Archive for Wednesday, September 10, 2008

City Commissioners approve plan for county’s future industrial development

September 10, 2008


All that was missing was the Farmer's Almanac.

Lawrence city commissioners on Tuesday dove into a discussion about the future of farming, as they approved a plan outlining what areas of the county are suitable for future industrial development.

Commissioners said they were interested in protecting prime pieces of Douglas County farmland, but said they were not comfortable creating regulations that would prohibit industrial development from occurring on the high-producing cropland.

As part of a rewriting of the city and county's comprehensive plan - Horizon 2020 - commissioners agreed to add language to the document that requires land-use decisions on future industrial projects to "balance the agricultural significance" of a site "against the need for industrial and employment-related development."

Several area residents, however, had hoped for a stronger statement. Commissioners heard about an hour's worth of public comment urging them to adopt language stating industrial development should not occur on prime farmland.

The issue has been a hot one as neighbors have fought a proposed industrial park development on farmland near the Lawrence Municipal Airport.

"I believe to turn this agricultural land into an industrial area would be like crushing the Hope Diamond into an industrial abrasive," said Charles Novogradac, who owns a tree farm near the proposed industrial site.

Residents said taking strong action to protect prime farmland - ground rated as class 1 or 2 by the Natural Resources Conservation Service - was the environmentally responsible action to take.

But some commissioners said the issue wasn't so simple. Commissioner Rob Chestnut, for example, said an employment center that provided jobs for hundreds of people could be an improvement to the environment as well if it reduced the number of Lawrence residents who commuted to Kansas City on a daily basis.

"There shouldn't be an absolute litmus test on whether a piece of ground is in or out as an industrial site," Chestnut said.

Commissioners approved the changes to Horizon 2020 on a 4-1 vote. Commissioner Boog Highberger was opposed.

Although the new Horizon 2020 language references the area near the airport as suitable for industrial development, that doesn't mean the current proposal has been approved. Commissioners have failed to approve the 145 acre project, citing concerns about drainage and infrastructure costs associated with it.

The plan also references 10 other areas as being suitable for industrial development. Those areas include two near Eudora, three in southern Douglas County along U.S. Highway 56, and the former Farmland Industries site east of Lawrence.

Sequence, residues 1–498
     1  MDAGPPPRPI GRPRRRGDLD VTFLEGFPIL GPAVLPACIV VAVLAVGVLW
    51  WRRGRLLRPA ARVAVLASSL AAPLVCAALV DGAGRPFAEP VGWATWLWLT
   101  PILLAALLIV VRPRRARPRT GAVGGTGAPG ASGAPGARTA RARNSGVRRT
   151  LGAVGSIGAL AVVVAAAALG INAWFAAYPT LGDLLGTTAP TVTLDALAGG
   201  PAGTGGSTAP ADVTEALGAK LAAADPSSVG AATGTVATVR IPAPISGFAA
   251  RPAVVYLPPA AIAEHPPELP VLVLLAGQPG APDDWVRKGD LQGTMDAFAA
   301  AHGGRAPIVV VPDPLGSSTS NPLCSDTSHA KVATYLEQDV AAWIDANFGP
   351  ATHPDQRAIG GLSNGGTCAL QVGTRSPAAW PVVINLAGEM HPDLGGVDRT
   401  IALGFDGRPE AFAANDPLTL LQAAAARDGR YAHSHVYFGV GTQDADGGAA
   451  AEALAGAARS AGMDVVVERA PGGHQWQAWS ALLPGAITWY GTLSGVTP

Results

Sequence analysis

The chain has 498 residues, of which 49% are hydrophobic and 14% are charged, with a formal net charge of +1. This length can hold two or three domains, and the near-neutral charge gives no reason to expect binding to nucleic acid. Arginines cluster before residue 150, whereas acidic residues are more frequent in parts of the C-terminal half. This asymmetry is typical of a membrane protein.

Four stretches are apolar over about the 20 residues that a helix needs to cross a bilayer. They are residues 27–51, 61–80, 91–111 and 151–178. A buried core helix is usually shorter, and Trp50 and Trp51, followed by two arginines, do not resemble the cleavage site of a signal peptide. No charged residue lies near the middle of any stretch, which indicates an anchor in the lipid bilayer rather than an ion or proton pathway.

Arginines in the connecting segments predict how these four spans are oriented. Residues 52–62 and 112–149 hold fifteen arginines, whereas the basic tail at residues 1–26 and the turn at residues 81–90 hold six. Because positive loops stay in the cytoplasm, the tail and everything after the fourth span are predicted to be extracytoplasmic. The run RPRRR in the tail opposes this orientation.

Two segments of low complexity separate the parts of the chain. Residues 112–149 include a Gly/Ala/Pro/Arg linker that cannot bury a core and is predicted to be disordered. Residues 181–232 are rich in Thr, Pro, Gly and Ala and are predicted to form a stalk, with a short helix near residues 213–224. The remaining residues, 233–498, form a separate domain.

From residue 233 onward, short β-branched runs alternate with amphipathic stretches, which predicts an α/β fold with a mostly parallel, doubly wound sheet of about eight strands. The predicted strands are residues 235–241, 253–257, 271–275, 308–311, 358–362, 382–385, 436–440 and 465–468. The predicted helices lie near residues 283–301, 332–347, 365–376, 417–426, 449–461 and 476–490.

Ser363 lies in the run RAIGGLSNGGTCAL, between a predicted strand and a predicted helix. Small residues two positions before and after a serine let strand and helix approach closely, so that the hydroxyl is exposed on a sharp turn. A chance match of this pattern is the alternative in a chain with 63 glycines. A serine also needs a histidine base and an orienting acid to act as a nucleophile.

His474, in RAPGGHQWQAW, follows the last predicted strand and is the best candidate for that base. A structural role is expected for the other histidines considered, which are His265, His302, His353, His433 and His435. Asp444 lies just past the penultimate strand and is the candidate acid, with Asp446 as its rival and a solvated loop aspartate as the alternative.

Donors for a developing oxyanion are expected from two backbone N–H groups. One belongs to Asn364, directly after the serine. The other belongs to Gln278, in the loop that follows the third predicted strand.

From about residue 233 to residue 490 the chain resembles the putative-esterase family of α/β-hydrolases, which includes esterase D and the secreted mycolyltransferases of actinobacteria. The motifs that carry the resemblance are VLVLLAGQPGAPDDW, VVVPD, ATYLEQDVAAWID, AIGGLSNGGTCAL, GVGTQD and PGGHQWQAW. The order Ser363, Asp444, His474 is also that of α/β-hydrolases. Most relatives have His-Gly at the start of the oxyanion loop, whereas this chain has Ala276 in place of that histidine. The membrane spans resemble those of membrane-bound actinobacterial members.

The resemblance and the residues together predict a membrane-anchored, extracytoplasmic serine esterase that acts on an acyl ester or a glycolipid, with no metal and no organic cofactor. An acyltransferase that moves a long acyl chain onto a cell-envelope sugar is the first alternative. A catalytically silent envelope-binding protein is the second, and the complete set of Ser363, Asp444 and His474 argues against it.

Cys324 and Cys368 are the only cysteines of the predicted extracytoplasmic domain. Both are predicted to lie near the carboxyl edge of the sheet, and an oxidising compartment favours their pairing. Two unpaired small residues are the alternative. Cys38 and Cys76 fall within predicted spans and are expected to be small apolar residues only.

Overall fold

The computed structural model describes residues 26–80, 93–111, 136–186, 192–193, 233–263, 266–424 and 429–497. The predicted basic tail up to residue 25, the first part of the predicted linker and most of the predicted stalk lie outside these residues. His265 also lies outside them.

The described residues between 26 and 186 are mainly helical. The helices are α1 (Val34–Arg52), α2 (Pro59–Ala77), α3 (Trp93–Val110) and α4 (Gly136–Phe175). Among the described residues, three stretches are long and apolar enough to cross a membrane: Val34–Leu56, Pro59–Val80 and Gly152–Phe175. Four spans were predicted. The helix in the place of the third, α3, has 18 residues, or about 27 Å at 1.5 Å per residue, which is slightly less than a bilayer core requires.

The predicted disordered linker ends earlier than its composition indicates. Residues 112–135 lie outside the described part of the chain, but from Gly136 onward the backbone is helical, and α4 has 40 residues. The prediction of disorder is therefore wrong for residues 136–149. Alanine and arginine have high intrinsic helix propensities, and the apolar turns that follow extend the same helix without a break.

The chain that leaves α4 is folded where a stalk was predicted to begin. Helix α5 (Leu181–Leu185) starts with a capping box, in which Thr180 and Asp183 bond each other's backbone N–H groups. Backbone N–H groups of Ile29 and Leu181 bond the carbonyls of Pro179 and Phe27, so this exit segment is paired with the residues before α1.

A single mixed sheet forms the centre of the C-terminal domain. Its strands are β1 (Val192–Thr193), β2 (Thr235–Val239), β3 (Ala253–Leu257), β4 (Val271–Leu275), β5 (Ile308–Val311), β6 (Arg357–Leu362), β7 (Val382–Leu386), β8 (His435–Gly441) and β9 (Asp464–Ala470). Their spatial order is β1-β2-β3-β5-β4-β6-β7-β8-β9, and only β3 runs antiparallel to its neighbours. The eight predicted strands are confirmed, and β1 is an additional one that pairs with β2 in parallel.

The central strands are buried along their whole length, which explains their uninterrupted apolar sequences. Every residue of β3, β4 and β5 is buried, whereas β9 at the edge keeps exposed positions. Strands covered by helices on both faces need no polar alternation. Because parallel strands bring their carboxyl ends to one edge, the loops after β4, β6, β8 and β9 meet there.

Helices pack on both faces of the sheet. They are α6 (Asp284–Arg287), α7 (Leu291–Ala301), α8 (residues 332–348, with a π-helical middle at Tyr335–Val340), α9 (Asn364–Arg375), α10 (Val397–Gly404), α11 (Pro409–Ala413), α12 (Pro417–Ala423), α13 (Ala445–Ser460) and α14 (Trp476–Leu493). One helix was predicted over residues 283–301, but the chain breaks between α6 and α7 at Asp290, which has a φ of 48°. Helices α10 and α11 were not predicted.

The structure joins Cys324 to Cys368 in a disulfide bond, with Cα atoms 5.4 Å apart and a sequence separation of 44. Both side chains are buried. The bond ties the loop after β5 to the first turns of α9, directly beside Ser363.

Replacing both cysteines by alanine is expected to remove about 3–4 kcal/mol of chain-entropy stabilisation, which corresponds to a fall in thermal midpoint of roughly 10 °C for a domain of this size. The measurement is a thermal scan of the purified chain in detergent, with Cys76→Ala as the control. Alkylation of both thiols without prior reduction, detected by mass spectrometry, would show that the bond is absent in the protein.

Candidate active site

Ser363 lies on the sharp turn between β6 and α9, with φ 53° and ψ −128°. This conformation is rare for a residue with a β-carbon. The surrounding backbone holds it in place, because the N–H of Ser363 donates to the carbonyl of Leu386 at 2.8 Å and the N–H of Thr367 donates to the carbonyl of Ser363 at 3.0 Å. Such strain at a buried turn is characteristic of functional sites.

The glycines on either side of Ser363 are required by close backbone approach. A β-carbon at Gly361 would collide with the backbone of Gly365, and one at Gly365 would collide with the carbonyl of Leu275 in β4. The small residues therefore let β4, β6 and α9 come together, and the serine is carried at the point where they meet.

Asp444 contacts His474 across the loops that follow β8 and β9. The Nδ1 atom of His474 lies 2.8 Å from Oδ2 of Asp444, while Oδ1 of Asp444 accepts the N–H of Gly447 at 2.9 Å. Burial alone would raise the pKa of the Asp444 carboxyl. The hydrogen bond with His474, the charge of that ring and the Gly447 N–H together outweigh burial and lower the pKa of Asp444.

Richard Heckler 9 years, 9 months ago

What should have transpired was strict guidelines determining whether or not a project would in fact pay back the taxpayers.Sprawl is the result of over five decades of subsidies paid for by the American taxpayer. These range from the obvious to the obscure and include big projects-like the billions we spend on new roads as well as smaller ones-like the tax-breaks that encourage businesses to move to the edge of town. We've subsidized sprawl at such a basic level for so long, that many people believe the status quo is actually fair and neutral. This is false-what we think of as a level playing field is tilted steeply in favor of sprawling development.How we subsidize sprawl: * building new and wider roads * building schools on the fringe * extending sewer and water lines to sprawling development * extending emergency services to the fringe * direct pay-outs to developersHow do we subsidize sprawl? Through an array of state, local and federal programs-and through incentives built into the develop-ment process itself. The biggest federal contribution to sprawl is the billions of dollars spent on building new roads. Over the past 50 years, we have built almost 4 million miles of highways. This massive network of roads has done more than speed us from point A to point B - it has reshaped the landscape by opening up rural areas to suburban development and it has reshaped our society by making the car king. Travel by car has become not just another option-in too many places, it has become the only option.Other federal programs are also encouraging sprawl. For years we have subsidized construction in flood plains while making it far too easy to destroy critical wetlands. This encourages the destruction of open spaces and adds to the pressure to sprawl.Sprawl subsidies are also built into the development process itself. Most new, sprawling development costs more to build and service than the taxes or fees it generates. When a new residential or commercial development is built outside of an existing community, roads, sewer systems and water lines have to be built. As the development expands, it requires schools and emergency services. Where does the money for all this come from? In most cases, neither the developers nor the new residents pay their full, fair share - it is the rest of us who make up the difference. The bottom line is that new development is costing us money.

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